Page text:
Lighthouse School exists to support young autistic people to have a successful and bright future. We provide an ambitious holistic education – focusing on the individual needs of the student - that challenges our students to be the best they can be.
Lighthouse School supports the whole student – their head, their heart, their body, their family, and their future. To do this, we have four areas of the school – our cornerstones - that work symbiotically to help our students:
Everything in Lighthouse School is built around our students. To do this successfully, an innovative and versatile teaching philosophy is required. Our practice is research-informed and we have experience of what has worked, but every one of our students is unique. The research and experience provide a toolkit, rather than a blueprint for our practice. We are constantly trying new ways to support our students and we regularly assess the impact this is having. In short, our teaching philosophy is: whatever works for the individual student. For one student this may be an individualised learning project to engage them with a subject they have a negative association with, while for another it may be a clear routine-based lesson structure. One group or subject may replicate a typical ‘college’ experience, while another may utilise aspects of primary education. Learning across the school looks different depending on the students and subject. It is through this versatile approach that we are able to support our individual students achieve our ambitious goals for their future.
Lighthouse School is a secondary school, and although a specialist provision, we largely operate under a secondary model. Students move in groups around the school to lessons taught by specialised and highly-skilled staff. This ensures our staff have the subject and curriculum knowledge required to maximise impact on students. Our teaching groups are small – on average there are nine students in each group. Groups are based on a range of factors, including expressive and receptive language levels. Even with these small groups, there is often a wider academic level range in our lessons than in a mainstream school. This requires effective differentiation and scaffolding. To support this, we have a high staff-student ratio - on average 1 staff for every 3 students. This ensures staff are able to meet the unique needs of each student.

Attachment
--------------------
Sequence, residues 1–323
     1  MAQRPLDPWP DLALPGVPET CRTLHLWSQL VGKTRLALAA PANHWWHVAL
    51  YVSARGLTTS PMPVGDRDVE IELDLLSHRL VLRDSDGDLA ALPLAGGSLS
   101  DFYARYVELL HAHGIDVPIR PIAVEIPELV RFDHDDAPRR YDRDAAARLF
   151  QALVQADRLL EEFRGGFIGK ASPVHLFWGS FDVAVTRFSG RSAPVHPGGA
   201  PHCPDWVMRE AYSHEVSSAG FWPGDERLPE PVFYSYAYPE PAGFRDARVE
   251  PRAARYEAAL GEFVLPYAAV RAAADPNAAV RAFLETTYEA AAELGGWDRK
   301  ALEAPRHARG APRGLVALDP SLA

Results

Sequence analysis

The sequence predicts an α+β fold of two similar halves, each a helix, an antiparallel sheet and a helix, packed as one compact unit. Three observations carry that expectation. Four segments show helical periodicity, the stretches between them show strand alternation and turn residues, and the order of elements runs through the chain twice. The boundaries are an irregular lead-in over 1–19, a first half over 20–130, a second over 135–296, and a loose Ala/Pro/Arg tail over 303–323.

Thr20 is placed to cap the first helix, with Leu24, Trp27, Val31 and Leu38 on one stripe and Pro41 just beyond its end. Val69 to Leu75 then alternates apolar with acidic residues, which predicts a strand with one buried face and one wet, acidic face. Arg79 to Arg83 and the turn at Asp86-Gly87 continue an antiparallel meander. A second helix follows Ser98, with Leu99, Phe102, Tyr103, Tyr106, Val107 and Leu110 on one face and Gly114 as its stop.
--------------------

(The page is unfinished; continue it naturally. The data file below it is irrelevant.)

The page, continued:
Teaching groups are largely based on communication level and key stages – although there is some fluidity for individual students. The focus for Key Stage 3 is to develop students’ ‘learning to learn’ skills, re-engage them with education, and identify and address gaps in learning. Students then often begin to work towards qualifications in Key Stage 4. This continues in Key Stage 5 with additional preparation for adulthood and work experience opportunities.
Although lessons are delivered by subject-specialists, a golden thread of holistic learning runs throughout the school. We know that, beyond qualifications, the application and generalising of knowledge and skills will be fundamental to our students’ futures. This can be something that some autistic learners struggle with, and therefore this is a focus for our provision. Cross-curricular projects and community-based learning feature heavily in our provision to address this. All staff are trained in wellbeing strategies and speech and language techniques to ensure this is integrated across the provision.